The connection between strategy and media
Media selection was closely related to the above strategy as regards the creation of awareness, image, dealer traffic and sales. Posters – in free-standing street frames and in bus shelters – are a high-impact medium which can deliver a high frequency of contacts, a single-minded message and can cut through surrounding ‘noise’. The medium was used to rapidly build awareness. Television advertising was used to improve image across the broad target market. This medium is also highly emotive and can convey authority. Specific target groups were reached via car magazines and special interest magazines. Dealer traffic was stimulated using national newspapers, while regional and local daily and weekly papers carried small advertisements, with maps showing the way to the nearest dealer. In the car magazines Rover dealer lists were carried next to Rover tests and reviews. Sales support took place via direct mail and promotions in and outside the point of sale carried threshold-reducing offers which stimulated dealer visits, test drives and purchase. Direct mail was particularly effective, in that it could deliver personalised, hard sales offers, while these remained out of sight of the mass-market. (After all, a brand of ‘standing’ refrains from making such offers in public!) These promotions gained rapid and relatively low-priced national awareness via radio commercials – which, as stated, did not expose deep discounts and the like, but merely stimulated interest in the personalised communication. Loyalty was given a new impulse with events exclusive to customers. While dealers and employees were reached by setting up a long-term, internal motivation programme.
Spontaneous advertising awareness increased from zero percent to 66% after the first week of the campaign. Six months later Rover could look back on substantial improvement of brand awareness: top of mind awareness increased in this half-year period from 0.3% to 1.0%. In other words awareness tripled, across the entire target group. Spontaneous awareness increased from 12% to 14%. And over the entire year top of mind awareness increased to 2% and spontaneous awareness to 16%. This support improved Rovers image enormously, while before the start of the campaign the brand had virtually no public ‘face’.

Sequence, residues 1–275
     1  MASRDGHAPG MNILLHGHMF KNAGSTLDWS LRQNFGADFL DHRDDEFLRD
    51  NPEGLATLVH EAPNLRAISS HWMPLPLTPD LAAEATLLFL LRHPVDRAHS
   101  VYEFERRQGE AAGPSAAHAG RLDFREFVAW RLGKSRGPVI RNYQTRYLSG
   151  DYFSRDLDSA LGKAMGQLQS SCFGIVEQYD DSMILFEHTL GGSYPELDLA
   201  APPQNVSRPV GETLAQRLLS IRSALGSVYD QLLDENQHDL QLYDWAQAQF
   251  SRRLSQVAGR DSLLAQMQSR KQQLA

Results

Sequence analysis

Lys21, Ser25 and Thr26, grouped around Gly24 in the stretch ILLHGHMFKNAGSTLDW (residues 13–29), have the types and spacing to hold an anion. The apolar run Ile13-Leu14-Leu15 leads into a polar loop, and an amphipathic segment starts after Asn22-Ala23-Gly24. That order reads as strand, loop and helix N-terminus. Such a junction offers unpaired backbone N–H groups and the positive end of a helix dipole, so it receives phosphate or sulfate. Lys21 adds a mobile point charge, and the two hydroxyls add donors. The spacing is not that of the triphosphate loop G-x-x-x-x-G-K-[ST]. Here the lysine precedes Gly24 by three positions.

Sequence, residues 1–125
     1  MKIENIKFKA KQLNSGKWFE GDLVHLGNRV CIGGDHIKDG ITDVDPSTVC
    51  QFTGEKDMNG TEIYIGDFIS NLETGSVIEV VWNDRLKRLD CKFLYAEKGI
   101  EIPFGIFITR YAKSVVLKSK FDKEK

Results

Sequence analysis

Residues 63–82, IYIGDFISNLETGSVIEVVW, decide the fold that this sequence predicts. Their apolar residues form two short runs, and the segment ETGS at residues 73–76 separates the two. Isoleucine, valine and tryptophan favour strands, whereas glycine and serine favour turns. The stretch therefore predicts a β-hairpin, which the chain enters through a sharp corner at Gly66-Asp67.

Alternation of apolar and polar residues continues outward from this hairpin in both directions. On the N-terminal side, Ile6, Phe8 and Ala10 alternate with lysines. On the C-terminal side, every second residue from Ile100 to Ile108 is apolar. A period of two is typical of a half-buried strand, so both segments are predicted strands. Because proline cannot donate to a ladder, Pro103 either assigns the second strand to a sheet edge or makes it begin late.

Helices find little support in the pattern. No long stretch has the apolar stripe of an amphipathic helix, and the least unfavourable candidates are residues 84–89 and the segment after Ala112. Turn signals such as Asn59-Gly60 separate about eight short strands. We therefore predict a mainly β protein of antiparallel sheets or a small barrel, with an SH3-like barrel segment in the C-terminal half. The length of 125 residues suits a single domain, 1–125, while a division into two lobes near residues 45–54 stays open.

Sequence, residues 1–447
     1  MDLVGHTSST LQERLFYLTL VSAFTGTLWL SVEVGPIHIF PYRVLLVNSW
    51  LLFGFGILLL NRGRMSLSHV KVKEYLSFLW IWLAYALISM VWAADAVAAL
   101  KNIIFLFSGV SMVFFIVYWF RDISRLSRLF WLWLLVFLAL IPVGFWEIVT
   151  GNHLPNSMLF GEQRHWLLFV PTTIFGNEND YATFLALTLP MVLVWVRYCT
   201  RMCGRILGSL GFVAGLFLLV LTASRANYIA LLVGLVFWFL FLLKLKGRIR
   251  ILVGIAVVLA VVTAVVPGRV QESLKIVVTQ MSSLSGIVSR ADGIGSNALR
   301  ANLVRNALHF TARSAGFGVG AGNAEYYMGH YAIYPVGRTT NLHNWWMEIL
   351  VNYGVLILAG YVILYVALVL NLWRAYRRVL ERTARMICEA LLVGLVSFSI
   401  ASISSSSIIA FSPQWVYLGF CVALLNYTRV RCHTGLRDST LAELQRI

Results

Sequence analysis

According to research the consumer now saw Rover as a stylish, quality automobile for intelligent, well-educated people with a high income. It was ‘stylish, representative, characterful, a pleasure to travel in, distinguished and reliable’. Just three months after the start of the new campaign, 45% of respondents thought Rover to be prestigious, 48% stylish, 58% accessible (the most accessible of all automotive brands), 25% attractive, 23% higher quality and reliable. At first Rover was compared to brands like Subaru, Hyundai, Daihatsu, Skoda and even Lada. After the campaign had ran for three months people saw Rover as belonging to the category of BMW, Audi, Volvo, Alpha Romeo and Lancia.
Dealer satisfaction rose from 36% to 87%. The number of dealer visits and test drives rose by 300%, despite the number of outlets dropping from 87 to 60 dealers. Rover managed to increase its market share above 1% for the first time in four years, improving it from 0.92% to 1.6%. Rover’s annual sales targets were exceeded by 6% after just nine months. The older models also managed to maintain their market positions. Relatively speaking, Rover had become the fastest growing car brand in the Dutch market.
From an international perspective the results were also outstanding. In 1993 Rover Europe booked 14% growth against 12% for the total European car market. Rover Netherlands achieved 61% growth against 11% for the total Dutch car market. These achievements were rewarded with 27 national and international nominations and prizes.
Yet the most important achievement of all was this: the foundations of the Bitser model and the uncopyable proposition had been laid.